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For the week of Apr. 5 through Apr. 11, 2000

Wallace Stegner: novelist, teacher, environmentalist and sage

Commentary By DICK DORWORTH


"Something will have gone out of us as a people if we ever let the remaining wilderness be destroyed…"

Wallace Stegner


On Dec. 3, 1960, the American novelist and Stanford University English professor, Wallace Stegner, wrote in a letter what is likely the most quoted, best known phrase of the modern environmental movement: "Something will have gone out of us as a people if we ever let the remaining wilderness be destroyed…" The quote and the letter it came from struck a chord in the people of America and the world because, in Stegner’s words, "…of an earnest, world-wide belief in the idea it expresses."

Probably the only quoted environmental idea better known or more often used is Henry David Thoreau’s "In wildness is the preservation of the world."

It is worth repeating the entire Stegner sentence which reads, "Something will have gone out of us as a people if we ever let the remaining wilderness be destroyed; if we permit the last virgin forests to be turned into comic books and plastic cigarette cases; if we drive the few remaining members of the wild species into zoos or to extinction; if we pollute the last clear air and dirty the last clean streams and push our paved roads through the last of the silence, so that never again will Americans be free in their own country from the noise, the exhausts, the stinks of human and automotive waste."

In the nearly 40 years since he wrote those words much has gone out of us as a people. Less wilderness remains; virgin forests are mostly a memory; species extinction has become an acceptable (in the corporate board rooms of America) cost of doing business; the air of the Wood River Valley of central Idaho (like its demographics) is not indicative of America’s norms; and few people and places in America are free of the noises, the exhausts and the stinks of human and automotive waste.

The late Stegner was a sage man whose contribution to our time and culture and land is beyond measure. He has come to mind often in recent months because of the sharp controversy over breaching the four dams on the Lower Snake River as a way of saving at least two species of salmon from extinction.

Stegner wrote often and clearly and presciently about the uses of water in the American West and about the inescapable reality that much of the West is desert and almost all of it arid. He wrote "Beyond the Hundredth Meridian," the definitive biography of John Wesley Powell, the first person to make an attempt to codify human behavior in accordance with the natural limitations of a finite amount of water in the vast, parched landscape of the West. Powell’s efforts in this were less than completely successful, and he would have been appalled at the present condition of the American West.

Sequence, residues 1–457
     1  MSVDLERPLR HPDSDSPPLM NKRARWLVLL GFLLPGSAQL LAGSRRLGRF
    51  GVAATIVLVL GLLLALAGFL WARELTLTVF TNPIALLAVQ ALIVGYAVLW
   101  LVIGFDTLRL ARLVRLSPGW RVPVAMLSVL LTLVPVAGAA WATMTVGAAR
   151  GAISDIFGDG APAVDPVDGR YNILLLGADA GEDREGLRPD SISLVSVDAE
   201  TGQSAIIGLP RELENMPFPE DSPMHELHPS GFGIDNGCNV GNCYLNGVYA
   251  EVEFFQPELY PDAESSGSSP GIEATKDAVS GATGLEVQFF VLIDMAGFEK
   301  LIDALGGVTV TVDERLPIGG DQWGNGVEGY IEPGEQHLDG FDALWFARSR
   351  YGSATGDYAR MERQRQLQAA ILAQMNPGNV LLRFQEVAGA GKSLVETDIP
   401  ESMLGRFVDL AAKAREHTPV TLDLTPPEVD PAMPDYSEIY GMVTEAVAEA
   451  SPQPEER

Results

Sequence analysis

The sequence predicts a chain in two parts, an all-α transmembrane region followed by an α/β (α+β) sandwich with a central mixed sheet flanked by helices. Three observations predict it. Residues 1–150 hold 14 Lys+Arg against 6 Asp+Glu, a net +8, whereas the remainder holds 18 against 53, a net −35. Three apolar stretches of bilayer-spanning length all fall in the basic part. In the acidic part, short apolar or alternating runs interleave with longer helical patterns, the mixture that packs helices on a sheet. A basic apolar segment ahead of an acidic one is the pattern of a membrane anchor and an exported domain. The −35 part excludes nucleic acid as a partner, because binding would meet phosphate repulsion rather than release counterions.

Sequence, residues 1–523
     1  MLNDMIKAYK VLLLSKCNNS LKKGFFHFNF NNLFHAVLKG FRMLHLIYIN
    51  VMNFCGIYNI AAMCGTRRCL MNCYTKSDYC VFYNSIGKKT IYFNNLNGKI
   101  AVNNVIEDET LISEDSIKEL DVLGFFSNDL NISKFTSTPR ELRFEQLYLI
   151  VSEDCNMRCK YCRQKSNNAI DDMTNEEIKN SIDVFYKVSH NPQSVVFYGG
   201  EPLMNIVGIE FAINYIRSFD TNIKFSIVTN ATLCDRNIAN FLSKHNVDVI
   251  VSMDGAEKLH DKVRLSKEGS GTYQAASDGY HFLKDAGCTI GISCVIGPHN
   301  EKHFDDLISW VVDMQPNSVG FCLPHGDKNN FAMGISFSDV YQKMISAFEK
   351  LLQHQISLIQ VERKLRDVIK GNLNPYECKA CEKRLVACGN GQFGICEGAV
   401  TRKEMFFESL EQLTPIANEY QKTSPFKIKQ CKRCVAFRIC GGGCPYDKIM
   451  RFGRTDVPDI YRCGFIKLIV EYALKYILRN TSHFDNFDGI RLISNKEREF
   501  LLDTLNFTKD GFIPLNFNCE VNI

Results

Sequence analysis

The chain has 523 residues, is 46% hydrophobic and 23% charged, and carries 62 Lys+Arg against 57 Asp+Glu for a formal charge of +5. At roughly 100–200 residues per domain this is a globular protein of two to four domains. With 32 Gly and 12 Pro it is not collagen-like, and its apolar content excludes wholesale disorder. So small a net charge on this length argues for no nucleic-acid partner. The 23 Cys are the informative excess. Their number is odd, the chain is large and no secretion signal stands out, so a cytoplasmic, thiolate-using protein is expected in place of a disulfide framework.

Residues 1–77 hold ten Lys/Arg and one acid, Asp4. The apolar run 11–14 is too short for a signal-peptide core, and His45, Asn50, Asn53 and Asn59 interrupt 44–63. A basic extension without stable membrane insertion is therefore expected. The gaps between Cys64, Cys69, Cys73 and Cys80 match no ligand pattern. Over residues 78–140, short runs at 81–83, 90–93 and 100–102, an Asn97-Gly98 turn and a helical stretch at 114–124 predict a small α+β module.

The transformation of the wild, free-running Snake River into the fetid barge canal that it is would be to Powell, as it is to fish and to people who value the natural world, a nightmare.

Stegner, more than anyone else, is responsible for bringing Powell’s ideas to public consciousness. For that alone we should be grateful. He wrote caustically about our culture’s embedded attitude that the desert should blossom like a rose in temperate climates. He often referred to irrigating the desert as engineering the arid land into what it wasn’t intended by God to be. He called it the West’s "original sin."

He also reminded us that in the environmental struggles of America, the basics never change. In 1980, he wrote: "Economic temptations begets politicians willing to serve special economic interests, and they in turn bring on a new wave of states’ rights agitation, this time nicknamed the Sagebrush Rebellion. Its purpose, as in the 1940s when Bernard DeVoto headed the resistance to it, (it was then called Landgrab) is to force the transfer of public lands from federal control to the control of the states, which will know how to make their resources available to those who will know what to do with them. After that they can be returned to the public for expensive rehabilitation."

Stegner’s first mentor was the noted Idaho author Vardis Fisher, who helped him learn to love literature and understand its function and power. Before Stegner’s death in 1993 at the age of 84 (he died of pneumonia as a consequence of an automobile wreck), he produced 30 volumes of fiction, history and biography.

Among his students at Stanford are such critically acclaimed (and culturally influential) writers as Larry McMurtry, N. Scott Momaday, Thomas McGuane, Joanne Meschery, Ken Kesey, Edward Abbey, Wendell Berry, Judith Rascoe and William Kittridge. Much of his writing was about resource depletion and the exploitation of the West. He compared the West to an adolescent with a bad habit of over-consuming beyond its healthy development, advancing the 1,900 year-old advice of Marcus Aurelius, the 2nd century Roman emperor and philosopher: "What is bad for the beehive cannot be good for the bee."

Wallace Stegner is under appreciated, not read by enough people, and is still a major influence on our time. His friend, the Montana writer Ivan Doig, says, "Stegner was a man who knew his stuff and knew he knew it."

That’s a man worth listening to.

 

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